Van Go LLC v. Potts et al

Filing 105

ORDER - Granting 103 Motion for Extension of Time to File Answer filed by Coughlin Automotive LLC, Thomas A Coughlin, Unknown Coughlin. Defendants shall have until 11/30/2017 to file their answer. Plaintiffs' Application for Entry of Default is Denied. Signed by Magistrate Judge Elizabeth Preston Deavers on November 21, 2017. (jlk)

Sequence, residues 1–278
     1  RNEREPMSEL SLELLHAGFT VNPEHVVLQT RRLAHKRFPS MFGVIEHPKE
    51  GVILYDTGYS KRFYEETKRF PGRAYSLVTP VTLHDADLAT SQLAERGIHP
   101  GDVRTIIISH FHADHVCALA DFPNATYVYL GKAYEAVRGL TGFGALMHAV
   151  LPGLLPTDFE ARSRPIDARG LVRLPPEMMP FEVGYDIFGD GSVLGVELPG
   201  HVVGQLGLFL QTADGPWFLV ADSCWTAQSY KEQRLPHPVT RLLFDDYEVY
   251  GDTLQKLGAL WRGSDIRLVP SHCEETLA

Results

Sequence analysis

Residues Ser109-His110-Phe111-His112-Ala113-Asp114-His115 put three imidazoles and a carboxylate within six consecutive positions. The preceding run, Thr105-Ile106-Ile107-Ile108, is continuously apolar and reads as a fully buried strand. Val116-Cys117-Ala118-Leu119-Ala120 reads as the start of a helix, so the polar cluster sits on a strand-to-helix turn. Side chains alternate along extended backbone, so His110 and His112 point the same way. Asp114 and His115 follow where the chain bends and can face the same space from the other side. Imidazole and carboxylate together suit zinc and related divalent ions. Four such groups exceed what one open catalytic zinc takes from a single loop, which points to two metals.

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UNITED STATES DISTRICT COURT SOUTHERN DISTRICT OF OHIO EASTERN DIVISION DEBORAH D. POTTS, et al., Plaintiffs, Civil Action 2:17-cv-911 Judge Algenon L. Marbley Magistrate Judge Elizabeth P. Deavers v. Coughlin Automotive LLC, et al., Defendants. OPINION AND ORDER This matter is before the Court for consideration of Plaintiff’s Application for Entry of Default (ECF No. 100), Defendants’ Motion for Extension of Time to File Answer (ECF No. 103), and Plaintiff’s Response in Opposition to Defendants’ Motion (ECF No. 104.). For the reasons explained below, Plaintiff’s Application is DENIED, and Defendants’ Motion is GRANTED. I. This matter arises out of a case initially filed in the District of Arizona on January 11, 2016. (ECF No. 1.) Plaintiffs, who are defendants in the original Arizona action, filed this Third-Party Complaint on January 27, 2017. (ECF No. 35.) On May 10, 2017, Defendants filed their Motion to Dismiss for Lack of Jurisdiction. (ECF No. 55.) On August 25, 2017, after receiving responses to subpoenas pertaining to jurisdictional contacts, Plaintiffs conceded the absence of personal jurisdiction over Defendants in Arizona and moved for transfer of their Third-Party Complaint to the this Court. (ECF No. 88.) On October 19, 2017, the Arizona Court denied Defendants’ Motion to Dismiss and granted Plaintiffs’ Motion to Transfer and severed their Third-Party Complaint from the underlying matter. (ECF No. 97.) On November 10, 2017, Plaintiffs filed their Application for Entry of Default. (ECF No. 100.) On November 13, 2017, the Court issued its Notice of Hearing announcing a status conference for December 7, 2017, at which Plaintiffs’ Application for Entry of Default and all other pending issues would be addressed. (ECF No. 102.) On November 16, 2017, Defendants filed their Motion for Extension of Time to File Answer (ECF No. 103), and the next day Plaintiffs filed their Response in Opposition (ECF No. 104). II. Plaintiffs argue that the Court should enter default in this matter because Defendants have failed to plead or otherwise defend, as required by the Rules. (ECF No. 100 at 1.) Specifically, more than fourteen days elapsed between the denial of Defendants’ Motion to Dismiss in Arizona and Plaintiffs’ Application. (Id. at 2.) Defendants do not dispute that they missed the deadline to file their responsive pleading. (ECF No. 103.) Instead, they urge the Court to grant them seven days in which to file a responsive pleading based on their misinterpretation of the effect of the Arizona Court’s October 19, 2017, Order. (ECF No. 103 at 1.) Plaintiffs state that they “were awaiting notice from this Court indicating that the case was opened in the Southern District of Ohio.” (Id.) By rule, the Clerk must enter default “[w]hen a party against whom a judgment for affirmative relief is sought has failed to plead or otherwise defend.” Fed. R. Civ. P. 55(a). After denial of a Motion to Dismiss, a defendant must serve a responsive pleading within fourteen days. Fed. R. Civ. P. 12(a)(4)(A). Under Federal Rule of Civil Procedure 6(B)(1)(b), however, the Court may grant an extension of time to file where a party’s failure to act was due to 2 excusable neglect. Fed. R. Civ. P. 6(B)(1)(b). The United States Court of Appeals for the Sixth Circuit described the standard this Court must apply, commonly referred to as the “Pioneer factors,” as follows: [T]he governing legal standard for excusable-neglect determinations is a balancing of five principal factors: (1) the danger of prejudice to the nonmoving party, (2) the length of the delay and its potential impact on judicial proceedings, (3) the reason for the delay, (4) whether the delay was within the reasonable control of the moving party, and (5) whether the late filing party acted in good faith. Nafziger v. McDermott Intern., Inc., 467 F.3d 514, 522 (6th Cir. 2006) (citing Pioneer Inv. Servs. Co. v. Brunswick Assoc., Ltd. P’ship, 507 U.S. 380,395 (1993)). Excusable neglect is an “elastic concept” permitting courts to “accept late filings caused by inadvertence, mistake, or carelessness, not just those caused by intervening circumstances beyond the party’s control.” Pioneer, 507 U.S. at 381. Bearing in mind that this matter is still in its procedural infancy, consideration of the Pioneer factors reveals that Defendants are entitled to a reasonable extension of time. It is undisputed that the delay was within the reasonable control of Defendants, but the Court finds that they have acted in good faith throughout. The record reflects that they actively defended throughout the Arizona proceedings, and they quickly moved the Court for an extension when it became clear that their deadline to file a responsive pleading had passed in this venue. The danger of prejudice to Plaintiffs resulting from a further one week delay is slight. Defendants moved the Court for an extension within one week of the original deadline. Although Plaintiffs argue that this matter has been pending for almost eleven months, the responsibility for any delay in moving this case forward does not lie with Defendants. They timely filed their Motion to Dismiss for Lack of Jurisdiction in May, and, as the Defendants in this matter, they did not control the forum in which Plaintiffs brought the original Third-Party Complaint. Furthermore, a 3 delay for two or three weeks will have minimal effect on the case schedule. The Court’s initial status conference is still almost three weeks distant, no preliminary pretrial conference has been held or even scheduled, and the only discovery to take place has been limited to jurisdictional matters. The Court finds, therefore, that Defendants’ failure to file a responsive pleading within the Rules resulted from “excusable neglect.” Nafziger, 467 F.3d at 522. Accordingly, Defendants are entitled to a reasonable extension of time in which to file their Answer. III. For the reasons explained above, Plaintiffs’ Application for Entry of Default is DENIED. (ECF No. 100.) Defendants’ Motion for Extension of Time to File Answer is GRANTED. (ECF No. 103.) Defendants shall have until NOVEMBER 30, 2017, in which to file their Answer. IT IS SO ORDERED. Date: November 21, 2017 /s/ Elizabeth A. Preston Deavers ELIZABETH A. PRESTON DEAVERS UNITED STATES MAGISTRATE JUDGE 4